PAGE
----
7. In CIT vs. Chokshi Contacts (P) Ltd. (supra), a Division Bench of the Rajasthan High Court referred to the judgments in CIT vs. Vishnu Oil & Dal Mills (supra) and CIT vs. Nima Specific Family Trust (supra) and laid down the following proposition : “Chapter VI-A, which consists of ss. 80A to 80V of the IT Act, 1961, becomes operative on reaching the last stage of computation of income from different sources. The expression âgross total incomeâ, in various sections of Chapter VI-A, has been assigned a special meaning to mean total income computed in accordance with the provisions of the IT Act, 1961, except any provision under Chapter VI-A. Computation of gross total income of the industrial undertaking for the purpose of deduction under s. 80HH and s. 80-I operates independently and has to be made without making any deduction under Chapter VI-A. The language and intent of the provisions of sub-s. (9) of s. 80HH make it clear that the three deductions, viz., under s. 80HH, s. 80-I and s. 80J, are simultaneously permissible and not mutually exclusive. The provision only fixes the priority of order in which deduction under each provision is to be adjusted in the gross total income derived from such industrial undertaking to which s. 80HH or s. 80-I or s. 80J, respectively apply simultaneously. In case any industrial undertaking falls in the category of new unit established in a backward area and it is entitled to avail of the benefit under all the provisions, deduction under s. 80HH is to be made in the first instance which is with an object to promote industrial establishment in backward areas and only thereafter deduction computed under s. 80-I or s. 80J shall be given effect to.”
8. The Bench then referred to an earlier judgment of the same Court in CIT vs. Shree Engineers (DB IT Ref. No.38 of 1995, decided on 10th Jan., 1996) and observed as under :
“Coming to the judgment relied on by learned counsel for the Revenue in Shree Engineersâ case, we are of the opinion that the answer to question No. 3 which was referred by the Tribunal has been rendered solely with the reference to the earlier decision of the Court in CIT vs. Vishnu Oil & Dal Mills (1996) 132 CTR (Raj) 132 : (1996) 218 ITR 71 (Raj) only without noticing the relevant provisions of ss. 80A and 80AB and s. 80B(5) and also s. 80HH(9). It may be noticed that the decision in Vishnu Oil & Dal Millsâ case (supra) dealt with the question whether in computing the gross total income for the purpose of Chapter VI-A requires adjustments of unabsorbed carried forward loss or unabsorbed carried forward depreciation in terms of Part D of Chapter IV or in terms of Chapter VI of the Act, which as seen above has to be computed without taking into account the provisions of Chapter VI-A, but after taking into account other provisions of Actâ whether under Chapter IV or Chapter VI. However, the Court was not dealing with interaction of the various sections contained in Chapter VI-A on the issue of deduction of any amount which is to be allowed under Chapter VI-A. Thus, the decision rendered in Shree Engineersâ case without reference to the relevant provisions of the Act merely by reference to Vishnu Oil Millsâ case (supra) was per incuriam and cannot be taken as a binding precedent and does not assist the Revenue in any manner.”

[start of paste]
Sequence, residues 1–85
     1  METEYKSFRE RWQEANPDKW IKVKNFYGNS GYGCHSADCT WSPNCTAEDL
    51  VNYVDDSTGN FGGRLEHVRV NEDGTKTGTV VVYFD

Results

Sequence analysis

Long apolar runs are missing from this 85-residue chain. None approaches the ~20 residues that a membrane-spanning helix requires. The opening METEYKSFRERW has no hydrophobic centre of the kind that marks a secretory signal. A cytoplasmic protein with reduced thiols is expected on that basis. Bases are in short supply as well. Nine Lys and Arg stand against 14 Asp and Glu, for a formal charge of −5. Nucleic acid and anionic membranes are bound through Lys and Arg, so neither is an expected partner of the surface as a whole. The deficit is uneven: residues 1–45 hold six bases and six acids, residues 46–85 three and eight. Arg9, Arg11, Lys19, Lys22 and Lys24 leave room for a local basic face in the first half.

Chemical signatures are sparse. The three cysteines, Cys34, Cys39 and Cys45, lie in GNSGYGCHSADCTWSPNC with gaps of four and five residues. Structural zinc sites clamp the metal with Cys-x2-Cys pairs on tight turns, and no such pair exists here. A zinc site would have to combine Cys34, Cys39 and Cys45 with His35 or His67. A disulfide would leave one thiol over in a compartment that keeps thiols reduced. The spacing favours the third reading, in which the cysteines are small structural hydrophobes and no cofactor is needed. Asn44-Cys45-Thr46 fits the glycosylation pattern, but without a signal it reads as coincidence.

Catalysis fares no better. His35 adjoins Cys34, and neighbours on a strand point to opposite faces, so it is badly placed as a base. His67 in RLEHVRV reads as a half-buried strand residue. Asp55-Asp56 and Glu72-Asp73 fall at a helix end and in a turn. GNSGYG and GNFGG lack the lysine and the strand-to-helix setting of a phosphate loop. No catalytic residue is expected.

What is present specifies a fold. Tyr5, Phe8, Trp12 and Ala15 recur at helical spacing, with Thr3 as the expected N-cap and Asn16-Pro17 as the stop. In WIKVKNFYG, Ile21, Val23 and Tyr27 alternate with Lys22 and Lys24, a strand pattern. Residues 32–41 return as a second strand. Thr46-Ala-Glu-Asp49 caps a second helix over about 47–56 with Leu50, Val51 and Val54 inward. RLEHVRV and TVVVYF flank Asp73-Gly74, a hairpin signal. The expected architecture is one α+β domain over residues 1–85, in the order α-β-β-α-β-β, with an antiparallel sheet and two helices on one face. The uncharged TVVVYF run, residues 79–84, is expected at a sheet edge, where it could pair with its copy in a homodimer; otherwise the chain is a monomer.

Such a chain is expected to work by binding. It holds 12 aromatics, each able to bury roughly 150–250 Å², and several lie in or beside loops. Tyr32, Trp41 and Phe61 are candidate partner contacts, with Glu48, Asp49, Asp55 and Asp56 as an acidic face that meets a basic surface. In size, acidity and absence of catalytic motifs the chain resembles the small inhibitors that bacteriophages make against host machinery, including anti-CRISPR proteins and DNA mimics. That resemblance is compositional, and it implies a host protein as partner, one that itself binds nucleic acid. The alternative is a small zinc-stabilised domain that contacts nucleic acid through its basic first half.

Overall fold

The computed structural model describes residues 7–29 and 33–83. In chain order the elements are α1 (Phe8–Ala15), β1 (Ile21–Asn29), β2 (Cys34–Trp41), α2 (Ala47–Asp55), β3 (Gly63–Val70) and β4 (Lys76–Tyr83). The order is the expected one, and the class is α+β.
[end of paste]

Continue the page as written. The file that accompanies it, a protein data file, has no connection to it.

9. We respectfully agree with the identical views expressed by the Bombay, Madhya Pradesh and the Rajasthan High Courts in the last mentioned three judgments and hold that the computation of gross total income of the industrial undertaking for the purpose of deduction under ss. 80HH and 80-I operate independently. We further hold that the AO committed a grave illegality in computing deduction under s. 80-I after reducing the gross total income with reference to deduction admissible under s. 80HH of the Act and the CIT(A), Rohtak, rightly directed the AO to compute deduction under s. 80-I on the total gross income without excluding the deduction admissible under s. 80HH of the Act.
10. As a result of the above discussion, we hold that no referable question of law arises in this petition which is liable to be dismissed. Ordered accordingly.
[Citation : 274 ITR 495]